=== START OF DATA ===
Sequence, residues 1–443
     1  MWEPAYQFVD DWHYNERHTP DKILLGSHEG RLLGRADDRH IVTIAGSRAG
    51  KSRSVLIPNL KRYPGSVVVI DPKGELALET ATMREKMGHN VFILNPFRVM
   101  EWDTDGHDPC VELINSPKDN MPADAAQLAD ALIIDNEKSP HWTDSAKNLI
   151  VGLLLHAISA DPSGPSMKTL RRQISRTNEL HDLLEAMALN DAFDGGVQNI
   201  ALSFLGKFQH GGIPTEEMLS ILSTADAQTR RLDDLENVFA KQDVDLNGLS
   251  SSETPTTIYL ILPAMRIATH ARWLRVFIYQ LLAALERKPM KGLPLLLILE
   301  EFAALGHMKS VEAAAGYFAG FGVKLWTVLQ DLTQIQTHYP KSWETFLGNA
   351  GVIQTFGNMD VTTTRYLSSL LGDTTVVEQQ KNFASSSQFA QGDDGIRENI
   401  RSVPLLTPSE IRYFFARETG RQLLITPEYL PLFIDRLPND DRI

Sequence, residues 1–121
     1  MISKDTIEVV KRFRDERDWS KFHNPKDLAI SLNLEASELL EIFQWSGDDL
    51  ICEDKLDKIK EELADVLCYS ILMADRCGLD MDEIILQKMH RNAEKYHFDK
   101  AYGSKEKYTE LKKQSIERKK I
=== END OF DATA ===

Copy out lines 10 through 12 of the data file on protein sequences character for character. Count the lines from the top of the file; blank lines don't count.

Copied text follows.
   401  RSVPLLTPSE IRYFFARETG RQLLITPEYL PLFIDRLPND DRI

Sequence, residues 1–121
     1  MISKDTIEVV KRFRDERDWS KFHNPKDLAI SLNLEASELL EIFQWSGDDL